KÄLLENIUS: Over the last couple of years, we have had tremendous pricing power and built upon that, driven by a demand that has exceeded supply.

With regard to two of our electric sedans in China, maybe when we positioned them, we were a little bit too optimistic. So what we did is we brought them more in line with what the pricing is for those two models around the world. It’s like when you buy a luxury handbag, whether you buy it in Shanghai, you buy it in Paris, or buy it in New York, most luxury companies try to have about the same pricing around the world. So yes, we made a correction there. And then it is also true that in the Chinese market, the upper end of the battery electric vehicle segment is still in its infancy. It’s just developing. And we’re going to put more and more products in there and see how the market progresses over the next years.

Ola Källenius on the differences in operating a luxury brand and a mass brand

SAFIAN: What do people most misunderstand about the difference between operating a luxury brand like Mercedes-Benz and a mass brand?

KÄLLENIUS: If you are a blend of luxury and tech like we are, desirability is important. You have to have the technology. But you also have to have the aesthetics, those little special features, also sometimes the X factors, whereas our volumes are for a premium luxury manufacturer, relatively high, 2 million. We’re not Ferrari with 10,000 or something like that. We still try to be very, very careful with how we go to market and that you don’t end up pushing your product into the market, but work with pull.

SAFIAN: And so you’d rather have not enough product in a market than too much to be able to reinforce that desirability?

KÄLLENIUS: There is the old saying that you should always sell one less than demand to keep that up. And I think there’s a lot of truth in that. You have special products in your portfolio like the G-Wagon, the G-Class. It is so desirable.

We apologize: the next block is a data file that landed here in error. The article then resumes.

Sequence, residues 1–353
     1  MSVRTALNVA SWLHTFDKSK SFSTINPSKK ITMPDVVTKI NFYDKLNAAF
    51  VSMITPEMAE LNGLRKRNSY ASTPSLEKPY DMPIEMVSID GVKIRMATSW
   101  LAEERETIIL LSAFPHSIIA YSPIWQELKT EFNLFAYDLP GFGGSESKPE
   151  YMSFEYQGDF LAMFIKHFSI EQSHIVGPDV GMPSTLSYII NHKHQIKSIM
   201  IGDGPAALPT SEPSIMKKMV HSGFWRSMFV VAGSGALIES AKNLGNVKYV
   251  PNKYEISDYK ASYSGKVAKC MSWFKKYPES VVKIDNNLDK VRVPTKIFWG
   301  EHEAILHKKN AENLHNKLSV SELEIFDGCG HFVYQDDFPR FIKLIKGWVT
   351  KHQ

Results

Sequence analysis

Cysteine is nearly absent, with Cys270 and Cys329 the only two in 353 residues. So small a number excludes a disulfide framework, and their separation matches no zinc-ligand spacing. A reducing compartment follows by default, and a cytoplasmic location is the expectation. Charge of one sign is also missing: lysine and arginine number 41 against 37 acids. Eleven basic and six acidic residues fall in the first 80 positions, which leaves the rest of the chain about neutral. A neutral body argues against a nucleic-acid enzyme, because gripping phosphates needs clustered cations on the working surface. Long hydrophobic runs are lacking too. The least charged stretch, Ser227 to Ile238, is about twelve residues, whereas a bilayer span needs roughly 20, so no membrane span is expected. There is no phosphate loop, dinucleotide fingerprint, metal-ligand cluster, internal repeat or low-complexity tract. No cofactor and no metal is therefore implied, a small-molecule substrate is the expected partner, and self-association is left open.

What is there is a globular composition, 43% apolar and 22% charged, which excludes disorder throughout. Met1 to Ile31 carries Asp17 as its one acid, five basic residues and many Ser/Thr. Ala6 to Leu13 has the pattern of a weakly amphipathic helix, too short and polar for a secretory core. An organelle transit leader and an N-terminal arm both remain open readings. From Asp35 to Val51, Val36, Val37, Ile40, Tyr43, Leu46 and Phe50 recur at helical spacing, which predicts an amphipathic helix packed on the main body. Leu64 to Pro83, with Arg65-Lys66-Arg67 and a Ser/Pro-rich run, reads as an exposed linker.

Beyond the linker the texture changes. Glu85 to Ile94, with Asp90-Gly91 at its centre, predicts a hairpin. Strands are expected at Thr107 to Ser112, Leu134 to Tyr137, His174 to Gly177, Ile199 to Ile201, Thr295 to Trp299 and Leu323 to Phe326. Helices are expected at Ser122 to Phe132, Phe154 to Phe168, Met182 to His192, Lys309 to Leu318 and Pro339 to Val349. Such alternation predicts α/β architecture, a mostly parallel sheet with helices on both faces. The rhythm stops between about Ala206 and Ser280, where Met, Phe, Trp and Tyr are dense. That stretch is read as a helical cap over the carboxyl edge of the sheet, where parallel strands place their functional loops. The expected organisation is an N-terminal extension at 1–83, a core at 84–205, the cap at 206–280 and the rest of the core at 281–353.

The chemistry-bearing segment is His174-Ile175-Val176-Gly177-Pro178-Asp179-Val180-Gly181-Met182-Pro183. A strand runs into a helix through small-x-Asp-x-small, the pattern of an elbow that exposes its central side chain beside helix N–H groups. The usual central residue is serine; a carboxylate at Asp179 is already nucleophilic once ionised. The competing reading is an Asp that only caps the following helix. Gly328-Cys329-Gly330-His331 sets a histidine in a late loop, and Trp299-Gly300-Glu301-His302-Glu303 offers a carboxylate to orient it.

But even on some of your more volume models, like a GLC or a C-Class, yes, you have to make sure that you feel that you’re a half a step above. And if the market goes softer, you have to be prepared also to take some volume out and move down with the market. The key to be able to do that is to have a break-even point for this extremely capital-intensive business, that is not too high.

We have been working over the last three years to lower the fixed cost, lower that break-even point, so we can have a reasonably strong profitability, even at lower volumes. Then, you are not in the position that when the market goes soft, that you still have to keep your factories running at too high of a utilization just to get the metal out and that then ruins your pricing again.

We divide our portfolio into three general segments. What we call top-end luxury. That’s where you find the S-Class, the GLS, the AMGs, the Maybachs; then we have the core, the E-class and the C-class.

And then we have an entry where you find the CLA, GLA, and the GLB. What we have decided is that at the entry offering we’re going to trim the portfolio. Today we offer seven models. And in the next generation we’re going to go down to four. But then, where we are a market leader at the top end, we see growth potential. And indeed that is also the most profitable of your overall product portfolio. So we are going to nudge upwards as opposed to going downwards.

SAFIAN: So what’s at stake for a Mercedes right now?

KÄLLENIUS: Well, in a transformation of any business, I think everything’s at stake. History tells us that when a technology comes and replaces another technology, an industry is put on its head. So just because you’ve had a very, very long time of success, it’s not like you can sit back. You have to have a totally different attitude. It’s almost like you go back to 1886 again and say, “We’re starting over. The game is starting over.” We have to reinvent ourselves.

I call it reinventing the original invention. There is everything to play for. We can be in a strong or even stronger position 10 years from now than we are today. But not by sitting back and taking this for granted. Put on the entrepreneur hat, roll up your sleeves, and get going.

SAFIAN: Well, Ola, this has been great. Thank you so much for spending time with us.

KÄLLENIUS: Thanks for having me.

Masters of Scale’s mission is to democratize entrepreneurship. Launched in 2017 as a weekly podcast featuring Reid Hoffman, we’re now two weekly podcasts — Masters of Scale with Reid Hoffman, and Masters of Scale: Rapid Response, hosted by Bob Safian — as well as an award-winning daily learning app, a best-selling book, virtual and live events, and more, serving a global community of founders, funders, and leaders looking to innovate at scale.